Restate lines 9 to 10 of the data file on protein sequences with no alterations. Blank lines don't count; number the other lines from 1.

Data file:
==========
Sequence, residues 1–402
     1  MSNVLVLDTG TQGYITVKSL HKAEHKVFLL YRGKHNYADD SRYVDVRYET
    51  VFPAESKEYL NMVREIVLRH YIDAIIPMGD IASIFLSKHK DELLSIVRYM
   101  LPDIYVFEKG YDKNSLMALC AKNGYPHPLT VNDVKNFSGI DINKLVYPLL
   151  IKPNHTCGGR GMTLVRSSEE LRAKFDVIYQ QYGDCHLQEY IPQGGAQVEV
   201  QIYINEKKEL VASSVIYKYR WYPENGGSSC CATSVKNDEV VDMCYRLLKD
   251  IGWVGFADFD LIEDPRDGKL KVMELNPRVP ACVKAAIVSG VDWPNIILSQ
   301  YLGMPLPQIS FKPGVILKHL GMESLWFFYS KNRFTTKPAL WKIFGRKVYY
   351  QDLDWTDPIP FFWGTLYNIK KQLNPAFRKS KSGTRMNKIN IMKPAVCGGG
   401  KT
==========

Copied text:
   351  QDLDWTDPIP FFWGTLYNIK KQLNPAFRKS KSGTRMNKIN IMKPAVCGGG
   401  KT